We did discover a wonderful small restaurant, thanks to a resident I met in one of the local shops. Restaurant Öuemaja (Uus tänav 20A) is located in an old house that was once the home of noted writer and linguist Johannes Aavik. We each had a wonderful schnitzel, a salad plate with various vegetables and wine for approximately $30 — a real bargain.

On to Latvia

After two nights in Kuressaare we drove to Riga, with a stop in Pärnu, Estonia, a small university city. Pärnu had a very nice city center with several small museums and churches.

Left to right: Charles Swartz; a young friend of the family; Helen’s mother, Margi; Helen; Nita Swartz, and Helen’s grandfather, owner of the boat we went sailing on.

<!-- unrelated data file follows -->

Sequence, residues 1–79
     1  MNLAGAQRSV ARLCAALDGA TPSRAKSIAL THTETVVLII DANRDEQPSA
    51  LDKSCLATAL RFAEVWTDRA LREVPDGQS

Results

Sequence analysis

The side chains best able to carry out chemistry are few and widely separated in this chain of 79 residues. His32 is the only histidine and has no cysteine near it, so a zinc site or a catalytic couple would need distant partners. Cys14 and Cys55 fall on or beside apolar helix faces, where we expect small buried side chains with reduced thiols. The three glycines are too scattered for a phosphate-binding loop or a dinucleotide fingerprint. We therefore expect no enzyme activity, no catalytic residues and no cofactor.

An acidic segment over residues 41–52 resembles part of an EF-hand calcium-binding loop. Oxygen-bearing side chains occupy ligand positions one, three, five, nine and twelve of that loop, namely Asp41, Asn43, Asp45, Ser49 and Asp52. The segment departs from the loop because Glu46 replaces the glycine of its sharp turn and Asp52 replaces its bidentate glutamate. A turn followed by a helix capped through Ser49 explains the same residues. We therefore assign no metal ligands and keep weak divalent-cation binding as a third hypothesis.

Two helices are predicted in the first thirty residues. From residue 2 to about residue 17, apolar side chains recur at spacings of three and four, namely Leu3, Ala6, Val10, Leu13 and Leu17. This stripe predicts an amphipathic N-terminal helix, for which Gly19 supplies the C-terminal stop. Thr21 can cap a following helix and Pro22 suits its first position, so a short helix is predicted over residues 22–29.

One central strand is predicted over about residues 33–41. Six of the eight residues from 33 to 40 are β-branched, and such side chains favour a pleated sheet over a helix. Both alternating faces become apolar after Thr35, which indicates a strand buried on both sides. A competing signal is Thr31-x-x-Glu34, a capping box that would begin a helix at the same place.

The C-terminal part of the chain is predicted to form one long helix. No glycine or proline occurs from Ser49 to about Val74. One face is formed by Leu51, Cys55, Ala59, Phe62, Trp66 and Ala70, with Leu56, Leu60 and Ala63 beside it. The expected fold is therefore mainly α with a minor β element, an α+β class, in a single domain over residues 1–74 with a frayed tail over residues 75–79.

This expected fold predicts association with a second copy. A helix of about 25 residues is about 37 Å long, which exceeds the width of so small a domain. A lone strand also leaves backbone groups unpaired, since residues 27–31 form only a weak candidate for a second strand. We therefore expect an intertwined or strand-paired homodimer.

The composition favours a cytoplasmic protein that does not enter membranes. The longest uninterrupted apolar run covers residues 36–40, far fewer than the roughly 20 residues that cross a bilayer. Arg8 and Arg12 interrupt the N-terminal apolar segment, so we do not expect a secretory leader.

By chance, we walked into one of the great bargains on our trip at the restaurant Edelweiss (Kuninga 15); following the locals for lunch is not a bad thing to do. We had a wonderful fish soup, loaded with fresh salmon and vegetables. With condiments and bread, bottled water and tea, for two people our bill was approximately $6.

We drove on to Riga, where we found our small hotel, Boutique Hotel Ainavas, in the center of Old Town. This hotel offered the best breakfast we had on our trip. Every morning we had the choice of omelets or crêpes — both spectacular — in addition to cereal, fruit, cheese and a variety of meat. The staff was very accommodating and pleased that we had selected their hotel.

In the morning we first visited the local market, which was easily the largest and most spectacular market we have ever seen in Europe. The weather was cold and rainy, so Nita bought a pair of hand-knitted wool mittens, which she didn’t take off for the rest of the trip.